Now, if you’re wondering why the hell I’m writing about Jaws, picture this: that scene is akin to our allotment community room at times, except we have tea instead of booze and slugs instead of sharks. An average chat with my gardening pals can often go as follows:

“I got stung by a bee the other day, look at the bloody lump on my leg”
“You think that’s bad? I stood on my rake and it hit me in the face”
“Sure I pruned off my own finger with my secateurs”
“Pfffft, that’s nothing lads, I impaled my foot with a garden fork and now have selective        stigmata”.
“Show me the way to home! I’m tired and I wanna go to (raised) bed(s)……”

Gardens have a reputation for being very zen places to spend an afternoon, and yes, they can be…..when you’re not the bloody gardener. Cue the Kenny Loggins guys, the garden path can often be a highway to the danger zone.

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Don’t let it fool you, this is the entrance to hell

Being an allotment holder is not about prancing around in pretty dresses and sandals, with daisy chain braided hair, listening to the birdsong while you thread your fingers through long grass, eating fresh strawberries and sipping elderflower cordial. It’s more ripped jeans, twig tangled hair, sweating up a storm while dragging your hands through the goddamn mud, shovelling raw peas into your gob and taking a swig of beer. There’s no picking flowers while listening to Mozart in my garden, in my garden, I get out in the rain and dig along to Deftones.

Allotment gardeners are absolute hard asses. We toil and lug and lift and dig. I’m constantly covered in scars, bruises, cuts and stings, I have calloused hands and a killer tan and some serious biceps from all the digging.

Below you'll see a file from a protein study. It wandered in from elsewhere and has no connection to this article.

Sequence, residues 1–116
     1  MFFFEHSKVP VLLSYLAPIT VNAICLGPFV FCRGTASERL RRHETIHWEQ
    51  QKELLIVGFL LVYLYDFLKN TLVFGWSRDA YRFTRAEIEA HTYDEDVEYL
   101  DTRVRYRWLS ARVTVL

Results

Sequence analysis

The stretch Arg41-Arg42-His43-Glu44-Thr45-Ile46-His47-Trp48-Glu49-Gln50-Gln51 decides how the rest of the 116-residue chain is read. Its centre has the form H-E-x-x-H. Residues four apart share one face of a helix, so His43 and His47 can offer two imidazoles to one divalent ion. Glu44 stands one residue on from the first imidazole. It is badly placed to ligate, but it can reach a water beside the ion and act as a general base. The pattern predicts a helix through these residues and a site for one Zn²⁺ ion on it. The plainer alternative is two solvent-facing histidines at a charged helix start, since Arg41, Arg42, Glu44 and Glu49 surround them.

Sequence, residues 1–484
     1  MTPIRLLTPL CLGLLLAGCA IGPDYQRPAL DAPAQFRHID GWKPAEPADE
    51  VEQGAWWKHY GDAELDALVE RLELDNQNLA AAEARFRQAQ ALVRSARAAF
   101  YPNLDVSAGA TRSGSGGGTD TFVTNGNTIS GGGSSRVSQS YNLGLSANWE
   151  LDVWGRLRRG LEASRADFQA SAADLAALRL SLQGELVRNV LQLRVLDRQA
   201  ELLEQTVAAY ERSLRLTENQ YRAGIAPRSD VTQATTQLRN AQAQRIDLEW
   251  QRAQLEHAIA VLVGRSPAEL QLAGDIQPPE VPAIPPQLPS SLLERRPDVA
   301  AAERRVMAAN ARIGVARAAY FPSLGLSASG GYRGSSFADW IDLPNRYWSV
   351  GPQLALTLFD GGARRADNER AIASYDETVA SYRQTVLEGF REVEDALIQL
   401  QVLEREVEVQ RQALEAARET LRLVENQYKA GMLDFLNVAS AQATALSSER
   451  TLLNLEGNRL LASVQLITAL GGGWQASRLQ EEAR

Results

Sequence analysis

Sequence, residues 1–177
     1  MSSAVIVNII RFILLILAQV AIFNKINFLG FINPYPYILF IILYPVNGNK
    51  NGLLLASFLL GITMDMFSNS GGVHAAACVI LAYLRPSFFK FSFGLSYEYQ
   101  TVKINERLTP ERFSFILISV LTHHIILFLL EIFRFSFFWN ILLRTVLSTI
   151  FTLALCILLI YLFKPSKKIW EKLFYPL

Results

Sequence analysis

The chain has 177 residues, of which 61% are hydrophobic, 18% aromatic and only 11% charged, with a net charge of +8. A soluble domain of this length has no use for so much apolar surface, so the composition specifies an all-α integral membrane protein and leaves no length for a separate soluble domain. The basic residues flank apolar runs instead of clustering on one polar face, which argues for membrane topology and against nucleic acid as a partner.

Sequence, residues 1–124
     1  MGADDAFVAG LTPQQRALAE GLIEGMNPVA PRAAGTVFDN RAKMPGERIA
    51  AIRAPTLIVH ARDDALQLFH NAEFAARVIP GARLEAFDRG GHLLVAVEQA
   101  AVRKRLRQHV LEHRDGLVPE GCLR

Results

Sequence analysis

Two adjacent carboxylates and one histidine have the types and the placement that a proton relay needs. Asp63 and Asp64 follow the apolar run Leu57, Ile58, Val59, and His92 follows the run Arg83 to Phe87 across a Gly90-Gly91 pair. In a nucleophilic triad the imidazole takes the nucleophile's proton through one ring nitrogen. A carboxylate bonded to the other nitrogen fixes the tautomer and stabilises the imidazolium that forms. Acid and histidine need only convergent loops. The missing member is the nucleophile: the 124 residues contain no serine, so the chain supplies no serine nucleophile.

Having spent the past two weekends working hard at the plot, my body now resembles a map of mishaps. I have a rather large cut on my wrist, two deep scratches on my forearm, a rash on my chest from a rogue nettle, seven bruises on my shins. Yes, I counted, there are seven. I broke five fingernails and somehow a toenail and have a large splinter in the tip of my thumb which I have decided to leave in a sick and twisted experiment to see how long it takes to work its own way out. Rakes to the face, shovels to the foot, bamboo stabbings, wasp stings, slipping in the mud and face planting into your potato patch, this is the stuff that makes you hard as nails.

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Fiona Gores Fools

Now, not only is the allotment a dangerous place for the gardener, but the allotment gardener can turn into quite the dangerous individual. Or at least I can. Last week, I tweeted that the only reason that I have an allotment is to bury the bodies of all the men who have messed me around in it. I was joking of course (cough), but it got me to thinking, I could legitimately dispose of a man’s person’s body in my garden…plus bullsh*t does make excellent fertiliser.